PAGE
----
Acorus is a genus of monocot flowering plants. This genus was once placed within the family Araceae (aroids), but more recent classifications place it in its own family Acoraceae and order Acorales, of which it is the sole genus of the oldest surviving line of monocots. Some older studies indicated that it was placed in a lineage (the order Alismatales), that also includes aroids (Araceae), Tofieldiaceae, and several families of aquatic monocots (e.g., Alismataceae, Posidoniaceae). However, modern phylogenetic studies demonstrate that Acorus is sister to all other monocots. Common names include calamus and sweet flag.

Sweet flag Acorus calamus - spadix
Scientific classification
Kingdom: Plantae
Clade: Tracheophytes
Clade: Angiosperms
Clade: Monocots
Order: Acorales
Family: Acoraceae
Genus: Acorus

Calamus Garsault [2]

The genus is native to North America and northern and eastern Asia, and naturalised in southern Asia and Europe from ancient cultivation.[2][3][4][5][6][7] The known wild populations are diploid except for some tetraploids in eastern Asia, while the cultivated plants are sterile triploids, probably of hybrid origin between the diploid and tetraploid forms.


Habit of Acorus calamus.

The inconspicuous flowers are arranged on a lateral spadix (a thickened, fleshy axis). Unlike aroids, there is no spathe (large bract, enclosing the spadix). The spadix is 4–10 cm long and is enclosed by the foliage. The bract can be ten times longer than the spadix. The leaves are linear with entire margin.


Although the family Acoraceae was originally described in 1820, since then Acorus has traditionally been included in Araceae in most classification systems, as in the Cronquist system. The family has recently been resurrected as molecular systematic studies have shown that Acorus is not closely related to Araceae or any other monocot family, leading plant systematists to place the genus and family in its own order. This placement currently lacks support from traditional plant morphology studies, and some taxonomists still place it as a subfamily of Araceae, in the order Alismatales. The APG III system recognizes order Acorales, distinct from the Alismatales, and as the sister group to all other monocots. This relationship is confirmed by more recent phylogenetic studies.[8][9] Treatment in the APG IV system is unchanged from APG III.[10]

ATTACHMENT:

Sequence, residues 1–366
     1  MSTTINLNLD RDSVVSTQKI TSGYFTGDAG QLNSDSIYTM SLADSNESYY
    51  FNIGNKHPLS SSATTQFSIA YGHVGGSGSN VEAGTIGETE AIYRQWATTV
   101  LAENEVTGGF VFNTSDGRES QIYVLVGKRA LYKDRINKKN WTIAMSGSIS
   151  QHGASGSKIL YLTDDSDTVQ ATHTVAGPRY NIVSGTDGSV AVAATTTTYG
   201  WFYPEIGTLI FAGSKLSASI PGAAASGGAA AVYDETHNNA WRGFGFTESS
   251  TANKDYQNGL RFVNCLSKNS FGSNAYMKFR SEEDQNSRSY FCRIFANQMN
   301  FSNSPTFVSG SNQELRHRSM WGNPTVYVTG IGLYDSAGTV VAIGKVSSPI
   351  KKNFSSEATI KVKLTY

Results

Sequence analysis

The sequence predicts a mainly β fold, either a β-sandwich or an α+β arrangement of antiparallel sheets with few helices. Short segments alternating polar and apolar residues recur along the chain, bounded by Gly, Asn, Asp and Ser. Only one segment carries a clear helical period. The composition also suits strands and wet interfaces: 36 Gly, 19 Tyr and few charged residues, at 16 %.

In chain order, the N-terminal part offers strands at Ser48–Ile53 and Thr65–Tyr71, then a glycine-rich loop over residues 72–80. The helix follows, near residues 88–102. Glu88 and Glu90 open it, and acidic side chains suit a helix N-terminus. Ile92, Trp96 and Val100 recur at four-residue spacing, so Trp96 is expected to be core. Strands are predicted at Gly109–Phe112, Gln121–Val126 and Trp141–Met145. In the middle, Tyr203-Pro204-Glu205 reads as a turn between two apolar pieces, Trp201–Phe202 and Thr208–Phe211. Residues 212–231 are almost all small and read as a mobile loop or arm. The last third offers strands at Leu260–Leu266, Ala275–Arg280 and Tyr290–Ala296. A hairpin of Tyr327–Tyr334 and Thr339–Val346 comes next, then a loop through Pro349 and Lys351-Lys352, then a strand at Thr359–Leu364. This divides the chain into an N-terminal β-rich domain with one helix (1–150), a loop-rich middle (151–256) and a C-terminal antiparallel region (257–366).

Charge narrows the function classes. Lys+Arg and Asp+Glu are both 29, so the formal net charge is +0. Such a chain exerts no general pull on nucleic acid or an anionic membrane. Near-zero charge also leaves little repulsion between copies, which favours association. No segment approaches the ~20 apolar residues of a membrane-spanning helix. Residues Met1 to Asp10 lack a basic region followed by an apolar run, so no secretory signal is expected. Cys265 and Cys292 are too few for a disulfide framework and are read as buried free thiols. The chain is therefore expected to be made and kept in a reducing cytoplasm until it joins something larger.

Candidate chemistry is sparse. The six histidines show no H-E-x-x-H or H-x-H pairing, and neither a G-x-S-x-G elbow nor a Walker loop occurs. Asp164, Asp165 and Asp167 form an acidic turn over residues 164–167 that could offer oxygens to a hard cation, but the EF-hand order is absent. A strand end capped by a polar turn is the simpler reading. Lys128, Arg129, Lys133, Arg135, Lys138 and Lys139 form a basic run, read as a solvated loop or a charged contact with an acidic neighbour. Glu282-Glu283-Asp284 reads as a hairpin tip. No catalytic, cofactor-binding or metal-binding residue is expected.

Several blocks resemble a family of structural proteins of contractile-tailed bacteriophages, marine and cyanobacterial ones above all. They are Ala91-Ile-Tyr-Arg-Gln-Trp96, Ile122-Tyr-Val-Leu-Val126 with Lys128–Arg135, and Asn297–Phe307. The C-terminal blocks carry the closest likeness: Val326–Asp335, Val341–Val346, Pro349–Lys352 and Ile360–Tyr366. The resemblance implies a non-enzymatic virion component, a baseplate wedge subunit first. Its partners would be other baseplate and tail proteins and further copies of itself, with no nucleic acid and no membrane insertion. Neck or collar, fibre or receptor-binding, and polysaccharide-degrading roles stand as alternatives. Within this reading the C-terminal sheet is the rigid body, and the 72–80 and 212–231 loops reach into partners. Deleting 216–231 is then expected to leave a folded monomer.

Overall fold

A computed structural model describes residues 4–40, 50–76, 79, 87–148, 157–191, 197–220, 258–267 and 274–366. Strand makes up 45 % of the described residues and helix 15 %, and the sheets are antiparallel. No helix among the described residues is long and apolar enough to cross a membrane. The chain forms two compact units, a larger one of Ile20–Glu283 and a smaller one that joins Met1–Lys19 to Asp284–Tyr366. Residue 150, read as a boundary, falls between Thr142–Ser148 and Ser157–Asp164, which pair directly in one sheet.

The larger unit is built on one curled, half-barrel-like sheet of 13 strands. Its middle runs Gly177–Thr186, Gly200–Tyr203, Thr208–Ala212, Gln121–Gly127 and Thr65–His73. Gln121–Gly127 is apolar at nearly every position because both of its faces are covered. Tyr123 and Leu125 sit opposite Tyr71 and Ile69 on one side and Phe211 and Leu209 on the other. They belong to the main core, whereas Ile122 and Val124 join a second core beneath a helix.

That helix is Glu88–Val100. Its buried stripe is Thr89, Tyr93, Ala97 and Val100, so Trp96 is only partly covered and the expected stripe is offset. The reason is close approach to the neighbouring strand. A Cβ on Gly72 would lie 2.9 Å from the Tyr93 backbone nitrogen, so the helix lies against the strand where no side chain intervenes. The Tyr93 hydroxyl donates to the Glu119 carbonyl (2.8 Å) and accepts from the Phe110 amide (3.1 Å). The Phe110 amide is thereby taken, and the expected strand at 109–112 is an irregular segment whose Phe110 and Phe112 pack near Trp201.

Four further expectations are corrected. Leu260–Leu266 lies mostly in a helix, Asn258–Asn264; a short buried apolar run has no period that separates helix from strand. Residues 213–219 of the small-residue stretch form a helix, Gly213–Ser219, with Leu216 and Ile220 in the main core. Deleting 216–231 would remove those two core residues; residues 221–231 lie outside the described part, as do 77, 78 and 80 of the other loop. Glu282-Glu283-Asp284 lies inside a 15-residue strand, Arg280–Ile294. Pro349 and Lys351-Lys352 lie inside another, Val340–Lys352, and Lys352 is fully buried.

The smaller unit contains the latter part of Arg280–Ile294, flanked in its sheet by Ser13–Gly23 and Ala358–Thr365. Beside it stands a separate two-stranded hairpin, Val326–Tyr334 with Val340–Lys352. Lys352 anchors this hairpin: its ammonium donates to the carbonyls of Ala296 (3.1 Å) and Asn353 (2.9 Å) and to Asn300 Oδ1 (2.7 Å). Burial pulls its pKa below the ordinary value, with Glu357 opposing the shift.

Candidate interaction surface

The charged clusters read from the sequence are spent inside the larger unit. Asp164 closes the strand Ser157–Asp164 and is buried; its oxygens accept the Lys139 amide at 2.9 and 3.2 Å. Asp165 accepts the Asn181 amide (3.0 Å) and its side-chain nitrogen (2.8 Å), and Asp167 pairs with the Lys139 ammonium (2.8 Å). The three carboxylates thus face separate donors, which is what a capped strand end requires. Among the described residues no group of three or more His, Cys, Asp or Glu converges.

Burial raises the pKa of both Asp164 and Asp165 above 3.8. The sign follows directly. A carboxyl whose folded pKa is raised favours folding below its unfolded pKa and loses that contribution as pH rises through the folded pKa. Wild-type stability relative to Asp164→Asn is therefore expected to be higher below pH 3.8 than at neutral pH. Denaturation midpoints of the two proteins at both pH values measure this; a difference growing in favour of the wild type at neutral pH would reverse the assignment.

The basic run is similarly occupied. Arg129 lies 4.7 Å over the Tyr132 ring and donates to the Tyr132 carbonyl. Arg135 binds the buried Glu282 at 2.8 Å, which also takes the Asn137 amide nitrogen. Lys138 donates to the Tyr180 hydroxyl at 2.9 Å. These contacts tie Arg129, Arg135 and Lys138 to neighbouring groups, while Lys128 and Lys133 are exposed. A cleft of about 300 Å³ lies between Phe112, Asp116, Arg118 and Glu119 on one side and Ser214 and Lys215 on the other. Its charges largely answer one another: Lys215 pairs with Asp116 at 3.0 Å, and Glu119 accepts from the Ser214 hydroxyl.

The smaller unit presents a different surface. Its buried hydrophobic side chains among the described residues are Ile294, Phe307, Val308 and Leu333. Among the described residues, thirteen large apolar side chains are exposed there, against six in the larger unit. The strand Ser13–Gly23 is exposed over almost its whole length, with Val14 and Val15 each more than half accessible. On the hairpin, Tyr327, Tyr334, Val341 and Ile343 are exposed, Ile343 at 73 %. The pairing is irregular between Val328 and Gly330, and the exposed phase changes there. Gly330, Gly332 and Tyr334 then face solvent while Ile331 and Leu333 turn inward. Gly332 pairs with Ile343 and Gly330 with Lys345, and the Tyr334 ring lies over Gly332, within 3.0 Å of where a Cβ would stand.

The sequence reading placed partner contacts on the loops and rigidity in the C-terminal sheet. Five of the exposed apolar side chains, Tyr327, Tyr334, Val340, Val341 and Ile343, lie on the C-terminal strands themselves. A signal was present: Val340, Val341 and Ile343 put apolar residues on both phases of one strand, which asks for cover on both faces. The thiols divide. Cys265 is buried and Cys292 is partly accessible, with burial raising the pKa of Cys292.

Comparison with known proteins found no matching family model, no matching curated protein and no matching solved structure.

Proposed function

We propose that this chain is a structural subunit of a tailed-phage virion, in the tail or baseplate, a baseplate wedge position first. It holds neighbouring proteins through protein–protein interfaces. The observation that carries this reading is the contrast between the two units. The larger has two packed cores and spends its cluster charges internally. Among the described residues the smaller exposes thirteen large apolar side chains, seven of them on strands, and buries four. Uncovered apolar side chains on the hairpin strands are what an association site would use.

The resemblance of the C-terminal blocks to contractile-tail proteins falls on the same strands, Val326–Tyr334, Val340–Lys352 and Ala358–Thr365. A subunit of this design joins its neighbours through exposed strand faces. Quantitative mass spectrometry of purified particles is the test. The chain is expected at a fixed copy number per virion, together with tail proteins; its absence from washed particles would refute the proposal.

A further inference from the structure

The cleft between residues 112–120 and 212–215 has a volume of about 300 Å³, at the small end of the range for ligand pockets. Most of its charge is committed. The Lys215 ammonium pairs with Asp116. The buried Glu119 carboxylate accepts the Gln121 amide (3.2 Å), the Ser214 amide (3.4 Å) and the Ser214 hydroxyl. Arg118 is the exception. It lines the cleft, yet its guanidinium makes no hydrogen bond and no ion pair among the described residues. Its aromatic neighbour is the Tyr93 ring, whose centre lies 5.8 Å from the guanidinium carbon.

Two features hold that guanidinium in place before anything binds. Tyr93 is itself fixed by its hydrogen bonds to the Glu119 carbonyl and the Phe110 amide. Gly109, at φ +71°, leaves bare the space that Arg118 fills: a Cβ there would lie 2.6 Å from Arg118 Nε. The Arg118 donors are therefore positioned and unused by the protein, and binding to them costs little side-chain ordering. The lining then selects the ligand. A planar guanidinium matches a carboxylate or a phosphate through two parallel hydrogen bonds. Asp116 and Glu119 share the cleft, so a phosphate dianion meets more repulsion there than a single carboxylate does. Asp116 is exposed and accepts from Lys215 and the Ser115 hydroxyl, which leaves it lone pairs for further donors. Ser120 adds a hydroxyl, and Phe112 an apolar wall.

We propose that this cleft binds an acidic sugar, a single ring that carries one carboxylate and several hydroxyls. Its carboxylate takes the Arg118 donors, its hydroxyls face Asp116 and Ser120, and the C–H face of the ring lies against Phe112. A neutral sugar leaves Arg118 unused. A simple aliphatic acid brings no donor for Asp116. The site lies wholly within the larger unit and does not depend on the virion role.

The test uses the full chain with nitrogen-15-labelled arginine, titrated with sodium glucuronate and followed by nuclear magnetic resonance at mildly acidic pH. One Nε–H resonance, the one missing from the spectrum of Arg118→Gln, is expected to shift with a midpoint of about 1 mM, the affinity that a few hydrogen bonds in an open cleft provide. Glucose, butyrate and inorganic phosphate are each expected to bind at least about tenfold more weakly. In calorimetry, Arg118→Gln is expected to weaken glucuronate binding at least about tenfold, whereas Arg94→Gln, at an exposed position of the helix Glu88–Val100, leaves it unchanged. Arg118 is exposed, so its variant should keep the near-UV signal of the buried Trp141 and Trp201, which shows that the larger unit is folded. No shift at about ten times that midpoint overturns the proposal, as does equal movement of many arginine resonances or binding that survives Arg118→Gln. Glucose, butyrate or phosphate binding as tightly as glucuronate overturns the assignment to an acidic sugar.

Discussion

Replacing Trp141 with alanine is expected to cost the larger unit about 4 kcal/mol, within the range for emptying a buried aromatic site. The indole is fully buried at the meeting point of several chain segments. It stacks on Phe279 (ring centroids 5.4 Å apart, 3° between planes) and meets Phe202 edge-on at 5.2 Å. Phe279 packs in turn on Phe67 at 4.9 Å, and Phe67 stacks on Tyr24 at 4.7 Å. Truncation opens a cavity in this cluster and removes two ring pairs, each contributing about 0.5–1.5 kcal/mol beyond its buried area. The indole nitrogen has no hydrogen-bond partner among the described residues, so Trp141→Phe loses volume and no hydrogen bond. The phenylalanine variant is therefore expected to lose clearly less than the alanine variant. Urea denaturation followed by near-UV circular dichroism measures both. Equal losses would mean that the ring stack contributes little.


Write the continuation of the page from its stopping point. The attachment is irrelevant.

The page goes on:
In older literature and on many websites, there is still much confusion, with the name Acorus calamus equally but wrongfully applied to Acorus americanus (formerly Acorus calamus var. americanus).

As of July 2014, the Kew Checklist accepts only 2 species, one of which has three accepted varieties:[2]

  • Acorus calamus L.Common sweet flag; sterile triploid (3n = 36); probably of cultivated origin. It is native to Europe, temperate India and the Himalayas and southern Asia, widely cultivated and naturalised elsewhere.
    • Acorus calamus var. angustatus Besser - Siberia, China, Russian Far East, Japan, Korea, Mongolia, Himalayas, Indian Subcontinent, Indochina, Philippines, Indonesia
    • Acorus calamus var. calamus - Siberia, Russian Far east, Mongolia, Manchuria, Korea, Himalayas; naturalized in Europe, North America, Java and New Guinea
  • Acorus americanus Raf. - Canada, northern United States, Buryatiya region of Russia
  • Acorus gramineus Sol. ex AitonJapanese sweet flag or grassy-leaved sweet flag; fertile diploid (2n = 18); - China, Himalayas, Japan, Korea, Indochina, Philippines, Primorye

Acorus from Europe, China and Japan have been planted in the United States.


The name 'acorus' is derived from the Greek word 'acoron', a name used by Dioscorides, which in turn was derived from 'coreon', meaning 'pupil', because it was used in herbal medicine as a treatment for inflammation of the eye.

Distribution and habitat

These plants are found in wetlands, particularly marshes, where they spread by means of thick rhizomes. Like many other marsh plants, they depend upon aerenchyma to transport oxygen to the rooting zone.[11] They frequently occur on shorelines and floodplains where water levels fluctuate seasonally.


The native North American species appears in many ecological studies. Compared to other species of wetland plants, they have relatively high competitive ability.[12] Although many marsh plants accumulate large banks of buried seeds,[13] seed banks of Acorus may not accumulate in some wetlands owing to low seed production.[14] The seeds appear to be adapted to germinate in clearings; after a period of cold storage, the seeds will germinate after seven days of light with fluctuating temperature, and somewhat longer under constant temperature.[15] A comparative study of its life history traits classified it as a "tussock interstitial", that is, a species that has a dense growth form and tends to occupy gaps in marsh vegetation, not unlike Iris versicolor.[16]